As nations celebrate the 2020 World Food Day, the Vice-Chancellor, Prof. Kolawole Salako has made a case for effective water management across Nigeria, to avoid having major environmental climatic problems. The Vice-Chancellor noted that though irrigation might be necessary in some dry parts of the country to avoid having soil build-up, effective water management with adequate rainfall would go a long way in preventing environmental issues, stressing that indiscriminate pumping of water
underground and damming of rivers could lead to uneven distribution of water to states at the lower end of the country.
“In drier areas, when you don’t have enough water, you can have soil build-up. If we want to irrigate from every state, it will get to a point that the states at the lower end of the river will not get anything. Meanwhile, if you also mine the water underground excessively, it can be a problem thereby causing some environmental issues”, he said. He advised that for any state to embark on the development of irrigation facilities, they must have proper irrigation plans, adding that each state should work more on
developing ways through which water can be adequately conserved.
Prof. Salako emphasised the need for the provision of policies and insurance that would make life abundant for farmers with the availability of basic amenities such as security, transportation, electricity and water, among others. He stated that agriculture is about life and transportation should be made accessible to farmers because real farms were usually not in the urban centres, but in the rural areas with bad roads and that food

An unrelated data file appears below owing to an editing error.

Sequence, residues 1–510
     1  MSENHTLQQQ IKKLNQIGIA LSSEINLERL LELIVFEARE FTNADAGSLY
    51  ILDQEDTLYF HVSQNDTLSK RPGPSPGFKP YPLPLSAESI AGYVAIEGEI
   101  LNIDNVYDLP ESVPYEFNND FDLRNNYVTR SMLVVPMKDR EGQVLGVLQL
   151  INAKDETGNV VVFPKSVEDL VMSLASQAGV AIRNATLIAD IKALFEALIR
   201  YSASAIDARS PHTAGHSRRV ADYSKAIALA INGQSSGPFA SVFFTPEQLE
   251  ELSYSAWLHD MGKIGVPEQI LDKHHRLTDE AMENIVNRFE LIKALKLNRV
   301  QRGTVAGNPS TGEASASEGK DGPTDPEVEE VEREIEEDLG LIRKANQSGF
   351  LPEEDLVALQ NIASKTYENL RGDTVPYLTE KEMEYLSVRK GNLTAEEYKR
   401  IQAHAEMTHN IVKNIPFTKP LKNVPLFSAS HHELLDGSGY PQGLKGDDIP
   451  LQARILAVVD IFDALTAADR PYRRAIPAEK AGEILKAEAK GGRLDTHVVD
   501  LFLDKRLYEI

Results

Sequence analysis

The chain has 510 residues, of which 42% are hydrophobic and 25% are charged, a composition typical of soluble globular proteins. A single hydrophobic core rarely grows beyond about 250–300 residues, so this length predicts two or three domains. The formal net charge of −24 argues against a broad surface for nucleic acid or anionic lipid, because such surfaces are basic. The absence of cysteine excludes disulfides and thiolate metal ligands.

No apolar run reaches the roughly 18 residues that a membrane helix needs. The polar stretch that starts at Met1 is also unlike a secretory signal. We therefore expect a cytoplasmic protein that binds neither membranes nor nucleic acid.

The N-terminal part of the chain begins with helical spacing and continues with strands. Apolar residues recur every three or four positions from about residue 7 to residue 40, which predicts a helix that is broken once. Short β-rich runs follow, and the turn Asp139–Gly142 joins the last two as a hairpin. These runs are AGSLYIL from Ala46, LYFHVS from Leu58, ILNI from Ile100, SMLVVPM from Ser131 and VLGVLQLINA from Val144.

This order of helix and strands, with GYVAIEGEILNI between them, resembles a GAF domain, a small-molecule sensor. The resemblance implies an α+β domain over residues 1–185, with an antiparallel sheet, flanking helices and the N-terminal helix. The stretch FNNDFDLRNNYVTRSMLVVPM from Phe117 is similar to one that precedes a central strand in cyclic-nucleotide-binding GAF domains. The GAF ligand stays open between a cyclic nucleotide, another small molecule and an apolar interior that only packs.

production should not be made too expensive or tedious for the farmers, as everybody has a role to play in improving the agricultural value change in the country. The Vice-Chancellor disclosed that over the years, most farmers had suffered from the inability of agriculture-based organisations to keep their promises at making life better for farmers, adding that quite a number of such groups had been pretending to do extension services for farmers, but only ended up making profits for themselves through their non-governmental organisations.
Prof. Salako, a Fellow of the Soil Science Society of Nigeria (FSSSN), added that as a result of this development, a new approach was being developed to teach farmers, not only on how to plant, but what is takes to sell and process for value addition. According to him, “Farmers are really fed up with people coming all the time to make fake promises to them. The approach now is, instead of telling farmers what to do; we now get to talk to them about community development by teaching them not just how to
plant, but also having prospective buyers and customers, and also teaching them about processing. It is a holistic approach in terms of extension and we are concerned about things they can do to hasten the profitability of their work and the things they can also do to expand”.